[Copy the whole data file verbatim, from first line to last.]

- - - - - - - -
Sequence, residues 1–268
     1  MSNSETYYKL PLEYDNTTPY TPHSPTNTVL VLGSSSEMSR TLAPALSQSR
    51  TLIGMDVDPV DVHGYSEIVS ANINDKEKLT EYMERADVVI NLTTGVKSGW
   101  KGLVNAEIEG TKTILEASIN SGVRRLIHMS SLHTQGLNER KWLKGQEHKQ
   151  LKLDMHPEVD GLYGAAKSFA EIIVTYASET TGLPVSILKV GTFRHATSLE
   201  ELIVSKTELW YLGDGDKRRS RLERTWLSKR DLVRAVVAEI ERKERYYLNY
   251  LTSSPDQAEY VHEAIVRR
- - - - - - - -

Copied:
Sequence, residues 1–268
     1  MSNSETYYKL PLEYDNTTPY TPHSPTNTVL VLGSSSEMSR TLAPALSQSR
    51  TLIGMDVDPV DVHGYSEIVS ANINDKEKLT EYMERADVVI NLTTGVKSGW
   101  KGLVNAEIEG TKTILEASIN SGVRRLIHMS SLHTQGLNER KWLKGQEHKQ
   151  LKLDMHPEVD GLYGAAKSFA EIIVTYASET TGLPVSILKV GTFRHATSLE
   201  ELIVSKTELW YLGDGDKRRS RLERTWLSKR DLVRAVVAEI ERKERYYLNY
   251  LTSSPDQAEY VHEAIVRR